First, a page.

Ever walk into a gallery and smell cake? UCF's Visual Arts Building has the usual art-building aroma about it, but the sugary tendrils of a very recent cake celebration waft out the entrance. Inside, Erin Elizabeth and Harry Sidebotham, married Chicago artists, mask some of their feelings about new parenthood behind sprinkles, icing and beautiful confectionery.
The crib can throw a terrible shadow over the artist's studio. Reacting to this, 1960s Expressionist artists like Elizabeth Murray painted domestic scenes jittery with anger. Here in the 21st century, Elizabeth and Sidebotham create gorgeously colorful and high-spirited work using sprinkles, frosting, and sequins cast into glossy, glittering disks and diamonds, sandwiched between stroboscopic diffraction gratings of color and light, and the little "CONGRATS" banner across a laptop should say it all.
But look closer. The artists' collaborative central tapestry of sprinkles, gold foil and a baby's play mat, titled "Waste Not, Want Not," is edged with nine years' worth of used X-Acto knife blades – not exactly baby toys. "An Heir and a Spare," alluding to their two children, embeds grim EKG electrodes into a beautifully painted salvaged woodwork. The two artists stacked baby-food caps, straws and other domestic detritus for "Mobile 3" and "On Finding a Balance," a precarious sculpture ready to topple over any second.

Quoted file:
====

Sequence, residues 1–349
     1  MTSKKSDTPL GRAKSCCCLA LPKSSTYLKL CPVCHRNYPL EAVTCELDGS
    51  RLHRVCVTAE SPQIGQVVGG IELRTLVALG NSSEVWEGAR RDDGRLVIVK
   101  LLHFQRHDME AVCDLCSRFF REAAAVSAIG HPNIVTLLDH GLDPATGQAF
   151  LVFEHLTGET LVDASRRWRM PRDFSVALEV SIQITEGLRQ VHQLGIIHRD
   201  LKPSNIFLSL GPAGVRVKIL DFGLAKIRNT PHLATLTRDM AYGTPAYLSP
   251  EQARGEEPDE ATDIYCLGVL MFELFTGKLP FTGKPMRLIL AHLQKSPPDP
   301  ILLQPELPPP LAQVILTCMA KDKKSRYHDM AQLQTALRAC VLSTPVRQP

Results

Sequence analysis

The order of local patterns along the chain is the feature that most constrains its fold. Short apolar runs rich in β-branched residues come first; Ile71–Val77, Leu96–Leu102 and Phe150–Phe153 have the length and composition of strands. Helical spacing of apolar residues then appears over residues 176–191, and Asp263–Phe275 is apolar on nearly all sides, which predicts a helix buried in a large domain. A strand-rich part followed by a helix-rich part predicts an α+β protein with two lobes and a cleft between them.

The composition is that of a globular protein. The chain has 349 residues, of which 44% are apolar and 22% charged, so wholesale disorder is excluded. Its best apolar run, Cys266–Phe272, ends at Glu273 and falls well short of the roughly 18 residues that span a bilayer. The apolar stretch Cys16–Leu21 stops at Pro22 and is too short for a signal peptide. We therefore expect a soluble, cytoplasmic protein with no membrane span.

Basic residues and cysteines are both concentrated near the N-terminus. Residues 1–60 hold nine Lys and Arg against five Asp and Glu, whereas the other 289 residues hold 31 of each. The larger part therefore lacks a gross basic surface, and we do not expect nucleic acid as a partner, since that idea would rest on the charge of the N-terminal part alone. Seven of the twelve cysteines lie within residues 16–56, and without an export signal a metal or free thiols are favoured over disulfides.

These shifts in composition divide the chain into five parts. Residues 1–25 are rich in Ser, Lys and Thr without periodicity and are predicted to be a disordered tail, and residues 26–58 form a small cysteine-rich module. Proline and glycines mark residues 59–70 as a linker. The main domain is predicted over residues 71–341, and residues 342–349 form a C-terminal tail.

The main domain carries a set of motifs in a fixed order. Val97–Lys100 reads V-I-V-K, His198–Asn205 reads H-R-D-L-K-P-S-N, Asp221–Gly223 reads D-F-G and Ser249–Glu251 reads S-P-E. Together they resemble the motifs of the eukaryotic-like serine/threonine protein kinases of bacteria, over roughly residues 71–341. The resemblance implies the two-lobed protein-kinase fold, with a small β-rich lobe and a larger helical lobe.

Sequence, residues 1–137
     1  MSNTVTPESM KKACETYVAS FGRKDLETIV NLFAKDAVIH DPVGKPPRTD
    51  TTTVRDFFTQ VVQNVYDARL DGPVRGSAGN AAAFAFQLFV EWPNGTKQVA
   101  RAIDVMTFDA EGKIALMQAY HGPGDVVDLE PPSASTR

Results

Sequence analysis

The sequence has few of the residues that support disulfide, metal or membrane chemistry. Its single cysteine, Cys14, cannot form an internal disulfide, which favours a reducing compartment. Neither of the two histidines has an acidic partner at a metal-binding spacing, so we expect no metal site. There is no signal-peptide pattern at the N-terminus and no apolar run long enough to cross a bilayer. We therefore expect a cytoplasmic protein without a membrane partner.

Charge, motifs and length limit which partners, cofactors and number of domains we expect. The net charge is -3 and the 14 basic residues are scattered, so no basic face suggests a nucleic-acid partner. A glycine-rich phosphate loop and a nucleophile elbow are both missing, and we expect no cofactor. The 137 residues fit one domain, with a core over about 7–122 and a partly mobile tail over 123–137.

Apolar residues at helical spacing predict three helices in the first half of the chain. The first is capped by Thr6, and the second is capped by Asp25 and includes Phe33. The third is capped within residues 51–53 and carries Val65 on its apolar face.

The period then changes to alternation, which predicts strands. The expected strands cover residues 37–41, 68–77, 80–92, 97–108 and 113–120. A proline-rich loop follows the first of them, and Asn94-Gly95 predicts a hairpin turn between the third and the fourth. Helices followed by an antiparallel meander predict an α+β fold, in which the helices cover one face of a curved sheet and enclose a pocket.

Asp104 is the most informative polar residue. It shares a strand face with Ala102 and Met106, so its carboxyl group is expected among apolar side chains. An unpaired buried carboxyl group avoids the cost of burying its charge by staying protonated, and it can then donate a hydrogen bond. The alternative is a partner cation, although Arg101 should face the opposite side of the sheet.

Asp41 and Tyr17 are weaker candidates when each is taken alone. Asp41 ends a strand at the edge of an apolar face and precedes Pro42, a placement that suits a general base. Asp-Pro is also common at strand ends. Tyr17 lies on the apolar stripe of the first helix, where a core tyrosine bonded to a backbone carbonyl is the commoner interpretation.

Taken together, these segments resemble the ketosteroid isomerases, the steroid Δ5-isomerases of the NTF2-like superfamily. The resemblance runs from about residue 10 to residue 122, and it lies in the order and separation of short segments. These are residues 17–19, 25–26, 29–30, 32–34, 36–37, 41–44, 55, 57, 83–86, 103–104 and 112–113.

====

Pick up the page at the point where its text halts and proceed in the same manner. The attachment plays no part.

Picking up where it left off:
Sidebotham's color field paintings calmly offset his wife's energetic swirls of glittery sugar. "Betelgeuse" creates a shimmering optical effect, stacking blue and red strips over a sensuous lime hourglass shape, but the effect, upon closer inspection, isn't calming at all. It rather stimulates the viewer. Like the godfather of Op Art, Richard Anuszkiewicz, Sidebotham's interest in the cosmos inspires an exploration of multidimensional space using color and form.
Elizabeth's work is outwardly energetic but, in contrast, draws one into a more contemplative space. "Can We Skip to the Good Part?" is a freeze-frame of colorful, morphing organic shapes layered in thick resin, revealing geometric patterns underneath. Her "Capitalist Blooms" series are flower blossoms made from OxyContin and Zantac tablets (among other things). Strangely serene, these still have a sharp edge.
But it's important to get back to the cake. In the middle of the gallery floor, a plastic sheet protects the remains of their performance piece "Cake Hopscotch." A video plays on the back wall of the artists ritually stomping sheet cakes, laid out in a children's hopscotch pattern, their sticky, smeary feet covered with sugar goo.
They go it one better in "Cake Fight," a video of this slapstick ritual taken to the extreme with a dozen or so desserts. Cathartic tension relief, at least for the artists, makes for good fun. Parenthood is ritually celebrated, and yet it collapses one's world just when it's supposed to grow larger. Elizabeth and Sidebotham examine this paradox and find, in their exhibit, a way out through cake. Visit while the smell is still fresh.